Hydrides are binary compounds of hydrogen. There are three possible hydrides that can be formed: ionic hydrides, covalent hydrides, and metallic hydrides. Metallic hydrides form when hydrogen reacts with transition metals, therefore they will not be introduced in this module.
Hydrogen and the S-Block
Ionic hydrides form when hydrogen reacts with s-block metals, not including Be and Mg. These s-block elements are found in Group 1 and Group 2 of the periodic table and are the most active metals. Group 1 metals are referred to as alkali metals and have a charge of +1 Group 2 metals are referred to as alkaline earth metals and have a charge of +2. Both Group 1 and Group 2 metals have low electronegativity values (less than 1.2).
- Ebbing, Darrell D., and Steven D. Gammon. General Chemistry. 9th. Brooks/Cole, 2009. 440-442, 920-924, 949-952. Print.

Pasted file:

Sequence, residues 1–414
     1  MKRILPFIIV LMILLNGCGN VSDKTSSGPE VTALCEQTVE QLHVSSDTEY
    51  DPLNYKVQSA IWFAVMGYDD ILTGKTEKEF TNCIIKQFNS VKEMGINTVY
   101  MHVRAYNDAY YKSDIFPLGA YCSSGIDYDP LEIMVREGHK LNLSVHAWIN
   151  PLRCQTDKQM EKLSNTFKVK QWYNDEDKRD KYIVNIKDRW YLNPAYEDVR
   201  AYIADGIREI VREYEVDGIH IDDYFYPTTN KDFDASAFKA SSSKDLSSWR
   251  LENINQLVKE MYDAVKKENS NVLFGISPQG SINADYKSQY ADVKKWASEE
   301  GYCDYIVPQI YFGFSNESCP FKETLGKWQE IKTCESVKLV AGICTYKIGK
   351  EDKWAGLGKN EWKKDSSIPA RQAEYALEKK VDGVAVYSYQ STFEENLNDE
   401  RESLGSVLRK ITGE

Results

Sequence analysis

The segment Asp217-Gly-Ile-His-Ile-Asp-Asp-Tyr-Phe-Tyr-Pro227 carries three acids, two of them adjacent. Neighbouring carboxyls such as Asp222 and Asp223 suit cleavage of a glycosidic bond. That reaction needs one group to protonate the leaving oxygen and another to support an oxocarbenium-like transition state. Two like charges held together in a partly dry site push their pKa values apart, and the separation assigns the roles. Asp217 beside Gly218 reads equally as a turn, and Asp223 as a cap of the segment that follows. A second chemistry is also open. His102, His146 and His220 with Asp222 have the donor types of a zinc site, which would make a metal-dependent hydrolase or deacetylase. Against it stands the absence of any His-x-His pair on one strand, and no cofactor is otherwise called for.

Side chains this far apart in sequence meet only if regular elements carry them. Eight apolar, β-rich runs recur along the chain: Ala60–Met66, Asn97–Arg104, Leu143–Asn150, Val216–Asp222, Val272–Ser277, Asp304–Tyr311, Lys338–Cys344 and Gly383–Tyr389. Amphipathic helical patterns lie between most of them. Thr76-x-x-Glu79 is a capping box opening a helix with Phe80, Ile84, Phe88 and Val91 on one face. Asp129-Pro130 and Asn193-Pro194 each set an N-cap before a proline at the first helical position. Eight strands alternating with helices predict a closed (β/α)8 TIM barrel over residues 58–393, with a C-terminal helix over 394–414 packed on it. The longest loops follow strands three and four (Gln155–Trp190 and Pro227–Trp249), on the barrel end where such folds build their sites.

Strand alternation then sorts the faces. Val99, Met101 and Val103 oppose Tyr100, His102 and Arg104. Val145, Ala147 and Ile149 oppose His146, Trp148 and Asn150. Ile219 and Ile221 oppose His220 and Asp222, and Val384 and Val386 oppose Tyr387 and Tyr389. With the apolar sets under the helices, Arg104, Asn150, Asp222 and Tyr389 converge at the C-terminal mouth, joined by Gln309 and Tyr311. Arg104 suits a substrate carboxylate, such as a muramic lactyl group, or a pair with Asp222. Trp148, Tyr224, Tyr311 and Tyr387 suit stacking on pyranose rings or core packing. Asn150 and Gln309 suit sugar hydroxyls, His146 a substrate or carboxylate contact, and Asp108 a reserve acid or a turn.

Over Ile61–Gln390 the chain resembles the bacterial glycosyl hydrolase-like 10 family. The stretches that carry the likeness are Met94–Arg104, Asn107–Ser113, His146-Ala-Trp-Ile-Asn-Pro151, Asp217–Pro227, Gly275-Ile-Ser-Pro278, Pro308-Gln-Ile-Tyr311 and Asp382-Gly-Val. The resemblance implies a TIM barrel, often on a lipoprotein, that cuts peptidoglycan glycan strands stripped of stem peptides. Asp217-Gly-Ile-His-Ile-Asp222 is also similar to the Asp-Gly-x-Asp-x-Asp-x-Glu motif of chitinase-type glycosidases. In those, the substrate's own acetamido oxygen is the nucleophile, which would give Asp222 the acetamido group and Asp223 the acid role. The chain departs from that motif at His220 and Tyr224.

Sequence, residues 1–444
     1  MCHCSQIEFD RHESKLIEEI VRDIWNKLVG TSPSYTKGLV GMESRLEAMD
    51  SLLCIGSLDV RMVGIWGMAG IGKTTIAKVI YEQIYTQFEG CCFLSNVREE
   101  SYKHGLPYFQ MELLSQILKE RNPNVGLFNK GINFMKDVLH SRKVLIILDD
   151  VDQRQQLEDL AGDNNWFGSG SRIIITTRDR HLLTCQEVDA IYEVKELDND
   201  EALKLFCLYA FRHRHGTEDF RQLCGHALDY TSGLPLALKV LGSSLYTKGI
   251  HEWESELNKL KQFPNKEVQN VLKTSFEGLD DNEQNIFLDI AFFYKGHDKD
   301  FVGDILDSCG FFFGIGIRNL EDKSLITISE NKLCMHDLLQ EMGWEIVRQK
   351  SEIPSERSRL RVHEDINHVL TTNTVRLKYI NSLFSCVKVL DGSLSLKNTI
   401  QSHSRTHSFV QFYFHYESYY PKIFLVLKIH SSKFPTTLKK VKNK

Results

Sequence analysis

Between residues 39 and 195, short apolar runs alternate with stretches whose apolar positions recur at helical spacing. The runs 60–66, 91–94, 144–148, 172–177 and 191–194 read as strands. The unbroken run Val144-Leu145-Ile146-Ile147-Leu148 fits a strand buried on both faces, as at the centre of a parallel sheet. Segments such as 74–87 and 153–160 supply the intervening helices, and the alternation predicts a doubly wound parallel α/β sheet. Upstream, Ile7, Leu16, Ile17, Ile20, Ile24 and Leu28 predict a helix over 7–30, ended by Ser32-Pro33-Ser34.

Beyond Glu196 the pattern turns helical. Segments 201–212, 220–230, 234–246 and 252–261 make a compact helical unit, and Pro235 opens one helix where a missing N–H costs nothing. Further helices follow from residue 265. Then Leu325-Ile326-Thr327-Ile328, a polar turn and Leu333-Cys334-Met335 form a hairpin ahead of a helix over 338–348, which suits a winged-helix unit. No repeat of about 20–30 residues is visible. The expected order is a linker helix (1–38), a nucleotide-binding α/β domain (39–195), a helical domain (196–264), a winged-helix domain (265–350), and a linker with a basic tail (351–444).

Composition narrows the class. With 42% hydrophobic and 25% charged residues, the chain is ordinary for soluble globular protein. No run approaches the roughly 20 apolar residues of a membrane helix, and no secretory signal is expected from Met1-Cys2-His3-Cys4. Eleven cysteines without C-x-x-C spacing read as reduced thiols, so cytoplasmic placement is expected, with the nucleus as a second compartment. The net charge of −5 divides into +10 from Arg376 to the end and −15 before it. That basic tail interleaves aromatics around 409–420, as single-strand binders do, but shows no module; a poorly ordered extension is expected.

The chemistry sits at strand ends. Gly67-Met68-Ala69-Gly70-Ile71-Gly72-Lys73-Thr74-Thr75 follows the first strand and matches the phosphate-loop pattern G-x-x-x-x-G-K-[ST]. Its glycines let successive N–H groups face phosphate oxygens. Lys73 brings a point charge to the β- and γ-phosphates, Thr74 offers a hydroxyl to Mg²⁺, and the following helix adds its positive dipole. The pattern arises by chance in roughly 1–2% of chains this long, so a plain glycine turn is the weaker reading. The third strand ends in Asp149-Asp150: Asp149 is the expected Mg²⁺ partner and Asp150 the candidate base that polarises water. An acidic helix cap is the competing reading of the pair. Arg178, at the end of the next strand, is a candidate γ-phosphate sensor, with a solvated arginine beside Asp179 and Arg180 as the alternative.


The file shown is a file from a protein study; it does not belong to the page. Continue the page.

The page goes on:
- Henderson, W. Main Group Chemistry. Illustrated. 3. Royal Society of Chemistry, 2000. 20-31. Print.
- Thomas, Jens. Noble Gases. Marshall Cavendish Corporation, 2003. 5. Print.
- Write the equation of the reaction between hydrogen and strontium.
- Write the equation of the reaction between hydrogen and phosphorus.
- Write the equation of the reaction between hydrogen and potassium.
- Write the equation of the reaction between hydrogen and bromine.
- Write 3 possible hydrocarbons that contains 3 carbons atoms.
- Sr(s) + H2(s) → SrH2(s)
- P2(g) + 3H2(g) → 2PH3(g)
- 2K(s) + H2(g) → 2KH(s)
- H2(g) +Br2(g) → 2HBr(g)
- C3H8, C3H6, C3H4 ....answers may vary